Moving through the water this deep down takes an effort, every step means I’m pushing my body forward under tonnes of pressure. Yet still, I walk. It’s undeniably beautiful down here. I didn’t expect that the water would be so clear, even half a mile down. The advantage of this sea is that it’s on a moon, and we’re close enough to the massive gas giant it orbits that I can still just about see the fiery glow above which survives as a blue glow, as well as the natural pink emanations down here. The whole sea floor is crusted with a kind of coral which moves faintly in the current and constantly sprinkles pink light into the waves. A walk across this seabed wouldn’t be too bad if it weren’t for having nowhere to walk back to. It’s something I’m trying quite hard not to think about, but now that I’ve thought about it I can’t quite push it out of mind. Alright, the basic details at least: the lunar sea station; we’re new. Oddly no one had thought about combining the two most lethal environments for humans until now, or at least no one had said yes before: underwater, in space. There’s plenty to study, since our main experience of the sea is at Earth gravity, moderated a little by the Moon. Up here the gravity is way lower, but we’ve got a huge gas giant right next door throwing its weight into the mix. And there’s life here, so it’s all kinds of special. It was exciting, and interesting, and deadly dull – all the things you would expect at a research base. I didn’t mind that, anything was better than the fractious geopolitical landscape we’d been permitted to escape from for a few years. It was hard, knowing that we were millions of miles away from home, but that our standard of living was probably higher than most of those we’d left behind. So that was all fine. The early encounters with the shreds of life in the lunar sea were as you’d expect – we’d grab a bucketful of sea water and sieve through it to see what was inside. There was plenty of microscopic life, plus the corals that are around me now, and a few species of slightly larger worms and what might one day grow up to be molluscs, or something like that anyway. It was weeks before anything went wrong, and given that the disaster recovery plans had begun with an assumption that catastrophic failure was most likely in the first three days, we felt things were going well. It was when we started drinking the water – filtered, irradiated, basically turned back into its component atoms and reorganised into straight H20 that everything started sliding sideways. The first thing I noticed was that everything felt like velvet – either all textures from skin to plastic had become soft, or there was something wrong with my hands. I was the first to mention it, but everyone else got it too. There was nothing obviously wrong with our skin, but increasingly even the breeze of the air conditioner felt like a fold of velvet being brushed across my arms. Some kind of nerve damage, but the fact that we were all suffering it made it hard to do much about. There was the sense that like velvet, I could squeeze, press and stroke all these definitely not-soft objects. Weird, compelling. We had to tape up Andersson’s hands after she couldn’t help stroking the sharp edges of knives in the kitchen. Like I said, strangely alluring. We made do as best we could, redoubled the brutality of the water processing, but it was already too late. The velvet feel got inside us too. Eating and drinking were both nauseating and ecstatic – the sickening feel of wet velvet in your mouth combined with the sheer delight of its soft brushing delving deeper inside you. Breathing is like being between two sheets of velvet, each being dragged slowly in the opposite direction. It became hard to focus on anything, as even blinking became another textured experience. We had to set reminders to moisturise, shower, use eye drops because the compulsion to touch, to stroke and press was too strong. Red raw skin that still demanded to be stroked, sore dry eyes, chafed skin all over. We’d been virtually immobilised, simply by the warping of our sense of touch. Jens, the lead botanical researcher, discovered that he could use local anaesthetic to stop the velvet sensation, but then he also couldn’t feel whatever he’d anaesthetised either… The warning sirens jerked me out of my haze, cocooned in blankets pulled as tightly as I could manage to limit the damage I’d do to myself. The panic and urgency distracted me from the feel of the floor under my feet as I ran. Jens had somehow ended up in the deep sea airlock. He wasn’t wearing a suit, but he was avidly stroking the thick glass door that led into the ocean. He didn’t respond to our entreaties to come back inside, and even though we hit the automatic overrides, there’s always a manual override of that, just in case you know something the computer doesn’t. The pressure squeezed him flat as soon as the outer door opened, and he was whisked off into the ocean. Jens was the first, but he missed the next stage of infection. Tiny nodules formed under my skin. They still felt like velvet to my fingers, but inside they felt hard, like dull needles rubbing against my muscles and bones. There seemed to be nothing we could do to stop their progress, and when Andersson painstakingly cut some out of my arm they looked like nothing so much as tiny teeth. Before long they were growing in all of us. Decisions needed to be made. We were far too far away from rescue. We’d long since notified home of what we were experiencing, and they were none to keen to have us back. It seemed likely we’d live or die here on our own. Exposing others to this infection made no sense, but it redoubled the feeling of being alone, of failure, of hopelessness. We could kill ourselves, en masse, if we wished. There was no shortage of drugs and chemical combinations that would do for us, but we couldn’t come to any agreement on what we’d do or that we all wanted to. Some took their own lives, cleanly, bloodily, with whatever made sense to them in the moment. I couldn’t blame them, though it grew lonely. Before long it was just me and Andersson sitting in the kitchen, bandaged and taped up where we’d been unable to resist touching, worn and bloody-looking. I could see the growing teeth pressing up all around her face between her skull and skin. She told me she had a plan. She was going to open all the airlock doors and flood the base, make the whole thing as unrecoverable and unappealing as possible. When I asked what she was going to do with herself, she said she was staying. Or would be for about ten seconds anyway, once the pressure equalised. I still wasn’t ready for that, but I said that was fine, just give me time to suit up. Andersson helped me into the deep sea suit, the teeth in my forearms and shoulders grating on the heavy suit, sending waves of goosebumps up and down my back. There wasn’t anything else to do but leave. Andersson didn’t even watch me go, just headed back inside to start on her plan. I walked. Heavy, and soft. I’ve been picking up the pink colour that the coral gives off, and looking at my hands and legs I’m as pink as they are now. When I look closer it’s obvious that the pink colouring is just more coral – I’m being colonised – and the pink grit crunches between my fingers. There’s nowhere for me to go but forward, deeper into the depths. Eventually, there’s so much coral on my legs and hips that I can’t walk anymore and I fall, slowly and finally onto the sea floor. The glass front of my helmet feels like velvet against my forehead, even as the hard lumps inside grate. I think I’ll stay here, I think I’ve become something’s new home.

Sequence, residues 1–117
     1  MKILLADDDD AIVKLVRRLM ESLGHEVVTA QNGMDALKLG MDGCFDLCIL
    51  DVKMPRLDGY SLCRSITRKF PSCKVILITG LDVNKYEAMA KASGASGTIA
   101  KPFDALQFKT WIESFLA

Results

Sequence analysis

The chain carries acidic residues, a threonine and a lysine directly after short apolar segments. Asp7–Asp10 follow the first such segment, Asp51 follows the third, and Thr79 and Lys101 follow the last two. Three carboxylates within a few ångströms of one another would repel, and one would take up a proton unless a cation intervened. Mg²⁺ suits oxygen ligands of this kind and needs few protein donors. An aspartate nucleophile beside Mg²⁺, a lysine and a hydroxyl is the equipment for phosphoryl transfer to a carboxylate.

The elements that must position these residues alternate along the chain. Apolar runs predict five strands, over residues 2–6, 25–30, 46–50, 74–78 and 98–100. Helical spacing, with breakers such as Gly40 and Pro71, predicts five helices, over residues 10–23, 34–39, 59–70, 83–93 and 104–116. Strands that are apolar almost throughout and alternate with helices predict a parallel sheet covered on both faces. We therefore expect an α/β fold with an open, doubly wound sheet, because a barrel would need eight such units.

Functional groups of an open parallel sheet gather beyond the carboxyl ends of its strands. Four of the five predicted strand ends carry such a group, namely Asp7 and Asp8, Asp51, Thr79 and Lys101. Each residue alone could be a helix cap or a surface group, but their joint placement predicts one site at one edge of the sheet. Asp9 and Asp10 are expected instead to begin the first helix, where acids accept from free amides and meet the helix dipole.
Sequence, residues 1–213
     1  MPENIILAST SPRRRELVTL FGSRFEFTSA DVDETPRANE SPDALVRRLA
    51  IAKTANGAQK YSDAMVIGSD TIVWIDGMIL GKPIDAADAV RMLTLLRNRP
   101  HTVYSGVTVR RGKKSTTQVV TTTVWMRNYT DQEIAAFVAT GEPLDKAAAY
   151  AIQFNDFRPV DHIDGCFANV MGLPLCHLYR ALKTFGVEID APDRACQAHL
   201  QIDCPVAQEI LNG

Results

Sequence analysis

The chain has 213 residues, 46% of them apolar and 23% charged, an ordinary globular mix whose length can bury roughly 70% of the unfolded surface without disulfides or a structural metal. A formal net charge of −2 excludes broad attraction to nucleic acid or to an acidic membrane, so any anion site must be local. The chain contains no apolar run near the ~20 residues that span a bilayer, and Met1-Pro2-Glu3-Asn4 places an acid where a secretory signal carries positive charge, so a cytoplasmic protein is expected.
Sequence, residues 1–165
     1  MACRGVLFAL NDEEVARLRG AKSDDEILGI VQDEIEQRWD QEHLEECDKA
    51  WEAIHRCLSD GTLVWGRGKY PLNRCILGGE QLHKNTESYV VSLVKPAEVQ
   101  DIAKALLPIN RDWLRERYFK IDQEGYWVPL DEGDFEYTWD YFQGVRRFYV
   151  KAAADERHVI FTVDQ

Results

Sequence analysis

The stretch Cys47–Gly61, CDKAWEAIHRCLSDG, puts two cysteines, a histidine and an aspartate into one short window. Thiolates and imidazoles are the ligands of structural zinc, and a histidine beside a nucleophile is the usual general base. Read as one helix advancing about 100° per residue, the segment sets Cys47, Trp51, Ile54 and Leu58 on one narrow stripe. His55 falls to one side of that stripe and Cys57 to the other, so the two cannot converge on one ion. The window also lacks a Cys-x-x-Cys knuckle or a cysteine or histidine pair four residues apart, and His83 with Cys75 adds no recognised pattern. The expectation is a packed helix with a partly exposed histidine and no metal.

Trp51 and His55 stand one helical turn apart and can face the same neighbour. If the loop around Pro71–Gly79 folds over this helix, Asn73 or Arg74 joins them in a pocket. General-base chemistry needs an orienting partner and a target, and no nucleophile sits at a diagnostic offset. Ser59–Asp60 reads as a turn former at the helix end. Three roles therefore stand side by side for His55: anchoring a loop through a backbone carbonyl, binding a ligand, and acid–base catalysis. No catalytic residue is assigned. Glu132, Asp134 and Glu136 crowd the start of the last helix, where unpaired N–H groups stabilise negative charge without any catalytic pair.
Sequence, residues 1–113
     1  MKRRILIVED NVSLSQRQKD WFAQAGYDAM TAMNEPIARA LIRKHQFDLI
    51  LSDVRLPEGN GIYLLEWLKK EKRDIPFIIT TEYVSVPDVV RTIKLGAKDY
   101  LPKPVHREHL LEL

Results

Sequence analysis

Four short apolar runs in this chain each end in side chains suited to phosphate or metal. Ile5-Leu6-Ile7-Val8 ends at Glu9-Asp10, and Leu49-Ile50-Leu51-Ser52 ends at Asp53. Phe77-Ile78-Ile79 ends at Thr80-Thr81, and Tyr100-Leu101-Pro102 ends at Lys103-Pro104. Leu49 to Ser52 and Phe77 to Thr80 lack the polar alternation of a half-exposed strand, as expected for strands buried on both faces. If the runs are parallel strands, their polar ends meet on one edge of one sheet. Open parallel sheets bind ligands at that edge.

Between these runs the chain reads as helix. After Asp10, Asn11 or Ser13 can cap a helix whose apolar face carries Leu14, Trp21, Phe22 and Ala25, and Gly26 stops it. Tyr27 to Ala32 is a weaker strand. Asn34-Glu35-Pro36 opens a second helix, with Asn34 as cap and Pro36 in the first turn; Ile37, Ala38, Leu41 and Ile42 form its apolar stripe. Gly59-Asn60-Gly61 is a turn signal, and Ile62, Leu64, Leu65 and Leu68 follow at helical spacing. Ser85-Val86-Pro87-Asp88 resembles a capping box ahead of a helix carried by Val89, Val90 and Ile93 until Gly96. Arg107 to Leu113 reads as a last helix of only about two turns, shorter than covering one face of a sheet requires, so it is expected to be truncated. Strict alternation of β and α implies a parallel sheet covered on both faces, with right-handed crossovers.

“Just keep running,” Michael panted, casting his words over his shaking shoulders at the gaggle of children following close behind. Mostly close, some were falling back further and further, just